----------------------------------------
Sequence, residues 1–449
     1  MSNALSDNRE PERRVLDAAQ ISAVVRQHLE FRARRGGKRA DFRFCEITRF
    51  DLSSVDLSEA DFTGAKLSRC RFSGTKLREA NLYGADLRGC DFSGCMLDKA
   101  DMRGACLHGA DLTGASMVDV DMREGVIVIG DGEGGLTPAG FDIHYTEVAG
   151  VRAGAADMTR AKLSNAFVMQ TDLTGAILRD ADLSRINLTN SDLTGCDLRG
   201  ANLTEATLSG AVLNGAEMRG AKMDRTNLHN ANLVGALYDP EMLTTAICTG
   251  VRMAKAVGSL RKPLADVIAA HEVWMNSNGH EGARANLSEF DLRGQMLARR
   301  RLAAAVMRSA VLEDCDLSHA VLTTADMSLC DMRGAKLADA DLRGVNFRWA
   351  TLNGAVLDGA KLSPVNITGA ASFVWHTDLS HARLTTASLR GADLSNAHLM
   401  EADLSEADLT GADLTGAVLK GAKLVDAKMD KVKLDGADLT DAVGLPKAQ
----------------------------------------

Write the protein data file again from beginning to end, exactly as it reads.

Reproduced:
Sequence, residues 1–449
     1  MSNALSDNRE PERRVLDAAQ ISAVVRQHLE FRARRGGKRA DFRFCEITRF
    51  DLSSVDLSEA DFTGAKLSRC RFSGTKLREA NLYGADLRGC DFSGCMLDKA
   101  DMRGACLHGA DLTGASMVDV DMREGVIVIG DGEGGLTPAG FDIHYTEVAG
   151  VRAGAADMTR AKLSNAFVMQ TDLTGAILRD ADLSRINLTN SDLTGCDLRG
   201  ANLTEATLSG AVLNGAEMRG AKMDRTNLHN ANLVGALYDP EMLTTAICTG
   251  VRMAKAVGSL RKPLADVIAA HEVWMNSNGH EGARANLSEF DLRGQMLARR
   301  RLAAAVMRSA VLEDCDLSHA VLTTADMSLC DMRGAKLADA DLRGVNFRWA
   351  TLNGAVLDGA KLSPVNITGA ASFVWHTDLS HARLTTASLR GADLSNAHLM
   401  EADLSEADLT GADLTGAVLK GAKLVDAKMD KVKLDGADLT DAVGLPKAQ